Everyone at the Australian Open is required to be vaccinated.

According to Grand Slam rules, if Djokovic is forced to pull out of the tournament before the order of play for Day 1 is announced, No. 5 seed Andrey Rublev would move into Djokovic’s spot in the bracket.

If Djokovic withdraws from the tournament after Monday’s schedule is released, he would be replaced in the field by what’s known as a “lucky loser” — a player who loses in the qualifying tournament but gets into the main draw because of another player’s exit before competition has started.

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In a tie, Wendy Holdener puts to rest a remarkable stat in Alpine skiing

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Swiss Wendy Holdener ended one of the most remarkable victory droughts in sports by tying for the win with Swede Anna Swenn Larsson in a World Cup slalom in Killington, Vermont, on Sunday.

Holdener, after 15 second-place finishes and 15 third-place finishes in her career, stood on the top step of a World Cup slalom podium for the first time. She shared it with Swenn Larsson, who had six World Cup slalom podiums before Sunday and also earned her first win.

They beat Austrian Katharina Truppe by .22 of a second combining times from two runs.

ALPINE SKIING: Full Results | Broadcast Schedule

Holdener, 29, previously won three World Cups in other disciplines, plus two world championships in the combined and Olympic and world titles in the team event.

“To be tied first when I came into the finish was such a relief,” Holdener said while shoulder to shoulder with Swenn Larsson. “On the end, it’s perfect, because now we can share our first win together.”

Mikaela Shiffrin had the best first-run time but lost her lead midway through the second run and finished fifth. Shiffrin, who won the first two slaloms this season last weekend, was bidding for a 50th World Cup slalom victory and a sixth win in six slaloms in Killington.

“I fought. I think some spots I got a little bit off my timing, but I was pushing, and that’s slalom,” she said before turning her attention to Holdener and Swenn Larsson. “It’s a pretty special day, actually.”

The women’s Alpine skiing World Cup moves next weekend to Lake Louise, Alberta, with two downhills and a super-G.

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Injured Ilia Malinin wins Grand Prix Finland, qualifies for Grand Prix Final

Ilia Malinin
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Ilia Malinin, competing “a little bit injured” this week, still won Grand Prix Finland and goes into the Grand Prix Final in two weeks as the world’s top-ranked male singles skater.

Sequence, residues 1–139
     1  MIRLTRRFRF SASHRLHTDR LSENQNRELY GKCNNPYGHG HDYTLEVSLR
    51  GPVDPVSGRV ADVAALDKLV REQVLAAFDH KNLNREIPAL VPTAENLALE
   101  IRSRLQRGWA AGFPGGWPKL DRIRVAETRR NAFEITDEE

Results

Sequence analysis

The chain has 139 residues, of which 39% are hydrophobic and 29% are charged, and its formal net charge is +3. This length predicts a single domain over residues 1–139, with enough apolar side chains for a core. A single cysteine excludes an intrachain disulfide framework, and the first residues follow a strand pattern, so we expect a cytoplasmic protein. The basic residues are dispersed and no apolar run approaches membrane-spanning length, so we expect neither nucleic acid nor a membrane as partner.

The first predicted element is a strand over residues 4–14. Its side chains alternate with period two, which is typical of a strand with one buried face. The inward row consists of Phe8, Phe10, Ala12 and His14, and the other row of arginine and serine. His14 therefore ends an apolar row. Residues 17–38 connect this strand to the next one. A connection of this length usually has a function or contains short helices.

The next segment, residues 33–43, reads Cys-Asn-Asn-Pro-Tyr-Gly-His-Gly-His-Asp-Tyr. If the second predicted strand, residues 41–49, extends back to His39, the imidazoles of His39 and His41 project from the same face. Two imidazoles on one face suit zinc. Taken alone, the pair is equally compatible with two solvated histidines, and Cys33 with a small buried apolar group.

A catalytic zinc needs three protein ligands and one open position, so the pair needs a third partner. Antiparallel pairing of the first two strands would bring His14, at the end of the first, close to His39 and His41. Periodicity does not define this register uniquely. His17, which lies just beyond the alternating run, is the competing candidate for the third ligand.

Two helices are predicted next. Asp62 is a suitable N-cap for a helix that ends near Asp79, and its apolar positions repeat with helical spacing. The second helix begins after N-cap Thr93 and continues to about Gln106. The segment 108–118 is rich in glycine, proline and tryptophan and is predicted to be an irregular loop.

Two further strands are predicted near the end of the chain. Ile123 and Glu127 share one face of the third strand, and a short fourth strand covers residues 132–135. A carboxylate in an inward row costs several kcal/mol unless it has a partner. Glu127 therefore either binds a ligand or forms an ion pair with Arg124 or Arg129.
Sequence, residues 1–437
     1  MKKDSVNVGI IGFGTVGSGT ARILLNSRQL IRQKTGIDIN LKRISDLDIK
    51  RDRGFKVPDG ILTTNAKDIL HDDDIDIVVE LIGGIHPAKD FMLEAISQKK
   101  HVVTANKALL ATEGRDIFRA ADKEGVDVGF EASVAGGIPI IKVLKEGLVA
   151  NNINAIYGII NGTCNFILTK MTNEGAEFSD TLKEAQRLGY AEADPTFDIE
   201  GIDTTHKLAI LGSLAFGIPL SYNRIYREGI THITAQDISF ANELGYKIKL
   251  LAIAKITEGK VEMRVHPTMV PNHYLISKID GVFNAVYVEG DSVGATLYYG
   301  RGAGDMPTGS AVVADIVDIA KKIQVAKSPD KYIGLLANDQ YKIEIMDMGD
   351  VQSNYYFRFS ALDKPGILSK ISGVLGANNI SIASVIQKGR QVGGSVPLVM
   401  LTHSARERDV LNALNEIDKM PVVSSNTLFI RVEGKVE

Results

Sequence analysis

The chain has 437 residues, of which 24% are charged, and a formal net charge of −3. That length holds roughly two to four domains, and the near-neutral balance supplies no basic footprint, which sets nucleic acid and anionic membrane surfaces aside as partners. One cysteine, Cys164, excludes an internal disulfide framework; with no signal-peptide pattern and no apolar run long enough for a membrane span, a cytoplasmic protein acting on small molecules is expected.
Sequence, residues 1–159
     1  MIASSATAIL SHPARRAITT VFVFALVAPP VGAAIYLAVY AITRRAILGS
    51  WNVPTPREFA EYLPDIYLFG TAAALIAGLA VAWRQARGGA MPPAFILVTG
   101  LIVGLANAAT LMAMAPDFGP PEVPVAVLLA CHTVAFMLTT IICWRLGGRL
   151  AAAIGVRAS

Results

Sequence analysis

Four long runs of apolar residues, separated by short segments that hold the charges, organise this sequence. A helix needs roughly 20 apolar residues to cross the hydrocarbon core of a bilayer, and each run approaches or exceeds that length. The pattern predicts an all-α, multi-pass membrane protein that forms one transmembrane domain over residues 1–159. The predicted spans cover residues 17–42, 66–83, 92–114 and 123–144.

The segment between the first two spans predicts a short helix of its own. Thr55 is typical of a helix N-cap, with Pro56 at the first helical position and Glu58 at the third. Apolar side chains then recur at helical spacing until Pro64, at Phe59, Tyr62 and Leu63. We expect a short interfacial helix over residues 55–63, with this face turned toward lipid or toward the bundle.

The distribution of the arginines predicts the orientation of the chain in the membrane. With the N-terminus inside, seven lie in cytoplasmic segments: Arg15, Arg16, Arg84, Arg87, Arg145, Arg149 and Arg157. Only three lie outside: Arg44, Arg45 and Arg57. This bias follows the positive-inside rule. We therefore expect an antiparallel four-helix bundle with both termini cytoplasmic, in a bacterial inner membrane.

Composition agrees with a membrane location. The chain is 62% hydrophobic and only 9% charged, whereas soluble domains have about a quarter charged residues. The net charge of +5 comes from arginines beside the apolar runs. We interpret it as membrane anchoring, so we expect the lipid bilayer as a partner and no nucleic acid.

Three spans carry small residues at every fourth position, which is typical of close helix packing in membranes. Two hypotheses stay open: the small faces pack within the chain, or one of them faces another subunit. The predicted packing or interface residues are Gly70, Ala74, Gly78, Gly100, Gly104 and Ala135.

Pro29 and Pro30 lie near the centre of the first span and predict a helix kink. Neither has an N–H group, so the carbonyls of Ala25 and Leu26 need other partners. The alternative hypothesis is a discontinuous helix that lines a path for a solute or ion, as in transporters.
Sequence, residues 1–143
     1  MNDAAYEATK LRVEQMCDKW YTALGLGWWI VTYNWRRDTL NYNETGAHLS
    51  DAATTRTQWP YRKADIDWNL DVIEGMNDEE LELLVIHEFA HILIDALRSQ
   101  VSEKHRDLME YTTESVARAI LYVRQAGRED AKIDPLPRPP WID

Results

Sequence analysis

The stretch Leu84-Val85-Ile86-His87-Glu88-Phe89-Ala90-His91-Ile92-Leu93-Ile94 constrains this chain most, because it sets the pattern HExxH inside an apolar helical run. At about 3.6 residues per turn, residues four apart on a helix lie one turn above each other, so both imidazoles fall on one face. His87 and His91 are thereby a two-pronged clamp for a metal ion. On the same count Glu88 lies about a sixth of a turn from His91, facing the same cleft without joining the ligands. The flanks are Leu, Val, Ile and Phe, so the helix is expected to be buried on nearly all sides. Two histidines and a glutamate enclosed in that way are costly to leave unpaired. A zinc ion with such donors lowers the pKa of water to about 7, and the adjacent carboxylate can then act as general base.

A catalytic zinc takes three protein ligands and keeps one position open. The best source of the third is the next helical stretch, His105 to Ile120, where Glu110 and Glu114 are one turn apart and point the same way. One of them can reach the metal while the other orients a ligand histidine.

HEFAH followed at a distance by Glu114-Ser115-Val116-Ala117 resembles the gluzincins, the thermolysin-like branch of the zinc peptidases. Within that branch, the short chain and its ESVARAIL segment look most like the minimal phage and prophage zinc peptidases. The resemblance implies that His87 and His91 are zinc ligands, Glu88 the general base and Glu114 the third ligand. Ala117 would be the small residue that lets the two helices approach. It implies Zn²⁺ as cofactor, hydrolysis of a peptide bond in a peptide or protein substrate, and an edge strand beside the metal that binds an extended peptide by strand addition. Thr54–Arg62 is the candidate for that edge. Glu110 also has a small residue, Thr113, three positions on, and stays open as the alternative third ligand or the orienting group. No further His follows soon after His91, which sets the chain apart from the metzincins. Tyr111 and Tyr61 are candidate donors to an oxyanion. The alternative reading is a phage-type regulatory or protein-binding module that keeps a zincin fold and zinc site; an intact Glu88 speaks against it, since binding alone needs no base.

Malinin, who was second after Friday’s short program, landed four clean quadruple jumps in Saturday’s free skate to overtake Frenchman Kevin Aymoz.

Malinin, who landed a quad flip in competition for the first time, according to SkatingScores.com, also attempted a quad Axel to open his program, but spun out of the landing and put his hand down on the ice.

Malinin also won his previous two starts this season in come-from-behind fashion. The 17-year-old world junior champion became the first skater to land a clean, fully rotated quad Axel in September, then did it again in October at Skate America, where he posted the world’s top overall score this season.

Next, Malinin can become the second-youngest man to win the Grand Prix Final after Russian Yevgeny Plushenko. His biggest competition is likely to be world champion Shoma Uno of Japan, who like Malinin won both of his Grand Prix starts this fall. Malinin and Uno have not gone head-to-head this season.

Grand Prix Finland highlights air on NBC, NBCSports.com/live and the NBC Sports app on Sunday at 3:30 p.m. ET.

FIGURE SKATING: Results | Broadcast Schedule

Earlier, Japan’s Mai Mihara overtook world silver medalist Loena Hendrickx of Belgium to become the only woman to win both of her Grand Prix starts this season. Mihara prevailed by .23 of a point. The top three women this season by best total score are Japanese, led by a junior skater, 14-year-old Mao Shimada, who isn’t Olympic age-eligible until 2030.

Mihara and Hendrickx qualified for the Grand Prix Final, joining world champion Kaori Sakamoto and Rinka Watanabe, both of Japan, South Korean Yelim Kim and American Isabeau Levito, the world junior champion.

Italians Rebecca Ghilardi and Filippo Ambrosini won both pairs’ programs and qualified for their first Grand Prix Final.

Japan’s Riku Miura and Ryuichi Kihara and Americans Alexa Knierim and Brandon Frazier headline the Final. Both pairs won each of their Grand Prix starts earlier this fall. The Japanese have the world’s two best scores this season. The Americans are reigning world champions.

At least one Russian or Chinese pair made every Grand Prix Final podium — usually pairs from both countries — but neither nation competed in pairs this Grand Prix season. All Russian skaters are banned due to the war in Ukraine. China’s lone entry on the Grand Prix across all disciplines was an ice dance couple.

Canadians Piper Gilles and Paul Poirier improved on their world-leading score for this season in winning the ice dance by 17.03 points over Americans Kaitlin Hawayek and Jean-Luc Baker. Both couples qualified for the Grand Prix Final in the absence of all three Olympic medalists this fall.